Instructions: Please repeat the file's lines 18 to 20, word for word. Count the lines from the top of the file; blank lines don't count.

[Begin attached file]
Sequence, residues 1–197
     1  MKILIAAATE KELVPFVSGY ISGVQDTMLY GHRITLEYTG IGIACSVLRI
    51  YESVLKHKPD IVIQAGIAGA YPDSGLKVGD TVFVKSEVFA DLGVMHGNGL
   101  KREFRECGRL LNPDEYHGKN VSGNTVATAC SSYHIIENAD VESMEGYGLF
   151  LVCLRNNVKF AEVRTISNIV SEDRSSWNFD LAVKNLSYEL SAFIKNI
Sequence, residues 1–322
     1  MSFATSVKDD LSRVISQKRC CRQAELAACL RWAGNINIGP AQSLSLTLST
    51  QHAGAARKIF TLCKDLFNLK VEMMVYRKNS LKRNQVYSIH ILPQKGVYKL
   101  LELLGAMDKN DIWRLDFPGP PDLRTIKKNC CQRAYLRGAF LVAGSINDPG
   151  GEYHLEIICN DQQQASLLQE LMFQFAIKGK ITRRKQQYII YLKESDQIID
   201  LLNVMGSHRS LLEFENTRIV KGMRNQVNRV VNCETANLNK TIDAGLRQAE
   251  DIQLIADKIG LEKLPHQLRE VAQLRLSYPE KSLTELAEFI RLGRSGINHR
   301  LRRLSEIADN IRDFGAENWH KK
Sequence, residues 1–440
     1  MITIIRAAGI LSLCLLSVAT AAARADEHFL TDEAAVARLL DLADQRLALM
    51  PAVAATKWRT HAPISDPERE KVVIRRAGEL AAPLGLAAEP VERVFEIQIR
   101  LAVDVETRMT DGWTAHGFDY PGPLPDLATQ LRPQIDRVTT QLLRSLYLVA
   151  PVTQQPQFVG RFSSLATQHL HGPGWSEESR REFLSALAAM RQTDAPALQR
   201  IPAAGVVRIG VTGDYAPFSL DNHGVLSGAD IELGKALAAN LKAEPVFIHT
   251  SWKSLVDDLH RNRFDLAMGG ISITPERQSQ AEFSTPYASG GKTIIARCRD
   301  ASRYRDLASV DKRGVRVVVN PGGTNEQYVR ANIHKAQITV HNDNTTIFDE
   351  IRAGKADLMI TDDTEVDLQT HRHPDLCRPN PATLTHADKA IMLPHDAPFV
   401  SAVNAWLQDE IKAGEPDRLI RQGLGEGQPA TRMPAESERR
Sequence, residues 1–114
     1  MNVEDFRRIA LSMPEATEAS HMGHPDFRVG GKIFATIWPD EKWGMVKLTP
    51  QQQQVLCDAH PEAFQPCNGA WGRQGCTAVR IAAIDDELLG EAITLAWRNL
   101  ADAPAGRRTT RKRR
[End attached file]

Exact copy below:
   151  PVTQQPQFVG RFSSLATQHL HGPGWSEESR REFLSALAAM RQTDAPALQR
   201  IPAAGVVRIG VTGDYAPFSL DNHGVLSGAD IELGKALAAN LKAEPVFIHT
   251  SWKSLVDDLH RNRFDLAMGG ISITPERQSQ AEFSTPYASG GKTIIARCRD